Wattleworth v Goodwood Road Racing Company Ltd & Ors, Court of Appeal - Queen's Bench Division, February 04, 2004,  EWHC 140 (QB)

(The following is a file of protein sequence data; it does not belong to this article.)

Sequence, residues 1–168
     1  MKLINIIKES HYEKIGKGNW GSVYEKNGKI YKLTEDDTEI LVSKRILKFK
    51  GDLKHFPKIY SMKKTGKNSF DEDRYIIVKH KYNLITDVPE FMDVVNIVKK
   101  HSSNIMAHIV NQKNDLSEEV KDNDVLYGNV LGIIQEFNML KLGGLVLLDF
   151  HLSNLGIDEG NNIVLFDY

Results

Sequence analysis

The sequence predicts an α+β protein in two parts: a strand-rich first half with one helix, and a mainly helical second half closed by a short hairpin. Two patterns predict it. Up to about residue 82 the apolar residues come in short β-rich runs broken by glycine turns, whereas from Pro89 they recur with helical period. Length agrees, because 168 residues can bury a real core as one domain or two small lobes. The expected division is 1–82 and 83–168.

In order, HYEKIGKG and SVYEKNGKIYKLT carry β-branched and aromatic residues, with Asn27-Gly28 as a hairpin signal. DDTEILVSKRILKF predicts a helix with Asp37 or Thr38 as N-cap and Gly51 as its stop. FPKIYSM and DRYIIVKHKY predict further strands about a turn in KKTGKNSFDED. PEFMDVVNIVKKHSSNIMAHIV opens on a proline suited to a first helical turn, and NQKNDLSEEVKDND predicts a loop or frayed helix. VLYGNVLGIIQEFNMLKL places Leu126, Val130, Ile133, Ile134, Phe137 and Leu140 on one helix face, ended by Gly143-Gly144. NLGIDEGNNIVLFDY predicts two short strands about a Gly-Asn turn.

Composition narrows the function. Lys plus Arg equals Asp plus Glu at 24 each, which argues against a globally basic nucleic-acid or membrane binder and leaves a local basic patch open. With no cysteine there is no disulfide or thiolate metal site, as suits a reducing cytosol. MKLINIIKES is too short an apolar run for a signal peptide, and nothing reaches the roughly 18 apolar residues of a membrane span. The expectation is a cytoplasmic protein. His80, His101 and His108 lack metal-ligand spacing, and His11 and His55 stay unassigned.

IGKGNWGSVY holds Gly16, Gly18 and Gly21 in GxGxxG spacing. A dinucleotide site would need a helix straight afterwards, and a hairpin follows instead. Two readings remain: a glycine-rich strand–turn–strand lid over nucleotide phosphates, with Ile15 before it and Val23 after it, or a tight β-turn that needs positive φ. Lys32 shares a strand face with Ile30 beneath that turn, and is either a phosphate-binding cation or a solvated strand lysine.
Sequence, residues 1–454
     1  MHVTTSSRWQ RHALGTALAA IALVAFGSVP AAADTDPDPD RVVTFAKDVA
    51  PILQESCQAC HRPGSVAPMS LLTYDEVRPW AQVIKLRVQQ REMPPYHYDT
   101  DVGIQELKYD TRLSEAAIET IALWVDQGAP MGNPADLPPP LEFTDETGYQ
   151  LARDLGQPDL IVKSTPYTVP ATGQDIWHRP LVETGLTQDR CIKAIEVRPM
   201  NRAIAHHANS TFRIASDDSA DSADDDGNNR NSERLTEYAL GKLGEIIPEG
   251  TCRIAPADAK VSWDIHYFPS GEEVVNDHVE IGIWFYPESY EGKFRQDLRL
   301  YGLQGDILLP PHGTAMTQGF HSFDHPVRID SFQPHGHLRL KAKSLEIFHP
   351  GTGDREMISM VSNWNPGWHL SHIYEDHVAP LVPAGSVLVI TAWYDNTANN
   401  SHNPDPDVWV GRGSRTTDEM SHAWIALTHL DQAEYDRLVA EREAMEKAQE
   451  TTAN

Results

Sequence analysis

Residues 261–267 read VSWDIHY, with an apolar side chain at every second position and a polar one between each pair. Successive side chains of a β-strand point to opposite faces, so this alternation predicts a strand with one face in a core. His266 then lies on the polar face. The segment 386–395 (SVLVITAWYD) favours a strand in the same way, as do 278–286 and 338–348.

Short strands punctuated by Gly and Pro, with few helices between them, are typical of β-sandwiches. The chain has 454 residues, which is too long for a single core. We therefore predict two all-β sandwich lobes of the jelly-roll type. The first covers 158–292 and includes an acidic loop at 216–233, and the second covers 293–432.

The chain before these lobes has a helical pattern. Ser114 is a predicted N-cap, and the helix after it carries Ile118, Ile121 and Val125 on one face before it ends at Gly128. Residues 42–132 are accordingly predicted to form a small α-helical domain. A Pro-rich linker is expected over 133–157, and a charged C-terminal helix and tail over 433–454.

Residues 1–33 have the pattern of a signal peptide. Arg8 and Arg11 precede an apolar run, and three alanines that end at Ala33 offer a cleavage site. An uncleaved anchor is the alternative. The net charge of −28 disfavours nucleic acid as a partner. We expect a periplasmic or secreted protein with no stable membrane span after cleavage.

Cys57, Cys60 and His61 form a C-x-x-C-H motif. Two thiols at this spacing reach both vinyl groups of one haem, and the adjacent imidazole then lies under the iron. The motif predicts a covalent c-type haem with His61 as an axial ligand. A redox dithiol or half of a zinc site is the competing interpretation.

REQUEST YOUR FREE TRIAL